I think the biggest challenge that pastors face in the church today is mission creep. Since there is no job description for pastors, you can come up with a reason why we should do literally anything. It might take a little work to get there, but since most people see the primary job of pastor as “helping” people, you can talk yourself into just about anything as long as it helps someone.

As the American church has become much more reticent to talk about sin, judgment, hell, and eternity, the notion that the church and the pastor exist to “do good” has become not just the external evaluation of churches but often our internal justification as well. In Methodism, we even pretend that John Wesley told us “do all the good we can” was the definition of what it means to be a Methodist.

In such an environment, it is no wonder pastors are burning out and breaking down. There is literally no end to the things pastors should be doing right now if you think our primary job is to “help people.”

For me, the words of Wesley help me clarify why I am here and what I am called to do in the church. They put the focus on the particular “good” I am called to do. They do not simplify this work in the least, but they do help me to keep my eyes on the target. They do not eliminate the questions about how to be the church in a pandemic, but they do help me think a bit more clearly about what “the church” is and what it is meant to be doing.

Reading Wesley’s words above, I find myself a bit intimidated by the importance and the size of the task I have been given to do. I am immediately aware that the only way I can hope to do this work is by spending a lot of time asking God to help me. Thank God, he does.

The big C Church

I’ve been reading City of God by Augustine recently. A couple of passages about the nature of the church have grabbed my attention and won’t let me rest.

Normally, I would write a post about these kinds of passages and try to make some point or argue for some conclusion arising from them. But for the last couple of days I’ve been trying to land on a conclusion without success. So, I’m going to share these quotations and some questions they are stirring up for me.

Here are the passages:

[W]hile the City of God is on pilgrimage in this world, she has in her midst some who are united with her in participation in the sacraments, but who will not join with her in the eternal destiny of the saints. Some of these are hidden; some are well known, for they do not hesitate to murmur against God, whose sacramental sign they bear, even in the company of his acknowledged enemies. (Book I, Chapter 35)

And later:

In this wicked world, and in these evil times, the Church through her present humiliation is preparing for future exaltation. She is being trained by the stings of fear, the tortures of sorrow, the distresses of hardship, and the dangers of temptation; and she rejoices only in expectation, when her joy is wholesome. In this situation, many reprobates are mingled in the Church with the good and both sorts are collected as it were in the dragnet of the gospel, and in this world, as in a sea, both kinds swim without separation, enclosed in nets until the shore is reached. There the evil are to be divided from the good … (Book XVIII, Chapter 49)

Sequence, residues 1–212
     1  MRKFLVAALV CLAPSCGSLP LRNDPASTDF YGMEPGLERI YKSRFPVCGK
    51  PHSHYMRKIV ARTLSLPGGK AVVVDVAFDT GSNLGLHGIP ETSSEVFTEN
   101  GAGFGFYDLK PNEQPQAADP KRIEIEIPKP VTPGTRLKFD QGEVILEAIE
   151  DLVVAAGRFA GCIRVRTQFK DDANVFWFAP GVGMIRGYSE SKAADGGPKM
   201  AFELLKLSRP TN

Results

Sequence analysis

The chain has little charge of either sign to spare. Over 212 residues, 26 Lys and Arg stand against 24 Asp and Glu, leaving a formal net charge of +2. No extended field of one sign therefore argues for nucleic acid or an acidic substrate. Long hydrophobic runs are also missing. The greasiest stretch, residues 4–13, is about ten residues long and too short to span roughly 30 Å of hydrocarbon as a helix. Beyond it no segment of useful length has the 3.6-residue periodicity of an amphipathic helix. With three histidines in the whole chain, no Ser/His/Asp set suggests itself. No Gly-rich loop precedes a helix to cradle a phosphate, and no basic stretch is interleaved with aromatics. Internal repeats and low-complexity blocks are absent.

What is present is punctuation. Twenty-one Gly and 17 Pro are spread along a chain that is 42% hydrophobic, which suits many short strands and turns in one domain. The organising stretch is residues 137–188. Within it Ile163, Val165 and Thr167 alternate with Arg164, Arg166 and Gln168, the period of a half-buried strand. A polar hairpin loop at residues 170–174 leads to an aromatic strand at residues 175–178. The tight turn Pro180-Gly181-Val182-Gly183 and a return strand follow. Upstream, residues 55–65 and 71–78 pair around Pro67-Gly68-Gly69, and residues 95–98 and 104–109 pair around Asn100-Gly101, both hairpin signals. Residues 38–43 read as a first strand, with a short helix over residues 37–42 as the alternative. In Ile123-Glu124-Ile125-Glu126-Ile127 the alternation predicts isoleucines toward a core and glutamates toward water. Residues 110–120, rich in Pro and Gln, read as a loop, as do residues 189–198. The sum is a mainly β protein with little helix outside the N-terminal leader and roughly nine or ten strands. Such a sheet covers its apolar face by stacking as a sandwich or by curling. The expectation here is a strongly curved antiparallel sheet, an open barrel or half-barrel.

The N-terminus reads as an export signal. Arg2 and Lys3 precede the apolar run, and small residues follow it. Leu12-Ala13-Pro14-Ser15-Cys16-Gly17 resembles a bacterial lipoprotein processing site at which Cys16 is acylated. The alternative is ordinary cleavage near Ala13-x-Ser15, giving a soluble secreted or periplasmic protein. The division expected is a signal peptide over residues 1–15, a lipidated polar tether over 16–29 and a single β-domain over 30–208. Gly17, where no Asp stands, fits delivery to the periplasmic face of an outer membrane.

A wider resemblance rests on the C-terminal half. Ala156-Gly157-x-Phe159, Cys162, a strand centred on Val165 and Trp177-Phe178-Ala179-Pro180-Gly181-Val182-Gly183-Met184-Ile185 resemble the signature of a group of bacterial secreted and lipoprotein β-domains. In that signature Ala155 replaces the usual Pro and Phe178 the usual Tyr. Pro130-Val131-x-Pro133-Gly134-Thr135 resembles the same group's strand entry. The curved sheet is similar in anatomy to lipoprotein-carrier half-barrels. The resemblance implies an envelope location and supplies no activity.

I love that phrase “in the dragnet of the gospel.”

Here are some questions and thoughts that arise for me from reading these words.

I experience a tension here between Augustine’s realism about the church as it is and John Wesley’s passion for a movement that strives for a robust sense of lived holiness. Perhaps this is at its heart the difference between a church and a movement. If so, I wonder how United Methodism — or whatever forms come next — learns to live with that tension.

I wonder what Augustine sees as the role of the clergy in shepherding those in the church who are known to “murmur against God”? What, I wonder, did the bishop do in the face of members of the church who did not keep their baptismal vows? Wesley did not hesitate to eject “disorderly walkers” from Methodist class meetings. What would Augustine say about that?

Finally, I’m struck by the Augustine’s language about the church here. Just as his book speaks of the church as the city of God, he writes in these passages in a sense of the church as a collective. The church is being prepared for its final exaltation and glory. The language is a contrast to the way I often think and often hear others speak about the church. We often see the church as a collection of individuals, and we usually talk about salvation in terms of this or that individual. Augustine has a different point of focus. Clearly, he is attentive to the fact that the church has individual people in it, but his vision of the church and salvation seems to come — for lack of a better phrase — from the top down rather than the bottom up.

Again, I feel a tension between our emphasis on local, contextual, and congregationalist impulses and the idea that the Church (capital C this time on purpose) is a body that as a whole is on a pilgrimage toward glory. I don’t know exactly how to describe this tension much less discuss ways to navigate it, but I wonder if we United Methodists have let our distrust of our broken polity erode our ability to perceive or speak about the Church in the way an Augustine would.

As I warned you at the start of this post, I don’t have any conclusions to argue here. I am sharing these passages from Augustine and some of the thoughts in my head because I need to get give those thoughts another place to live for a while until I can give them more attention. I don’t have the leisure right now to wrestle with them like Jacob.

I’d be interested in any thoughts or questions these words stir up for you.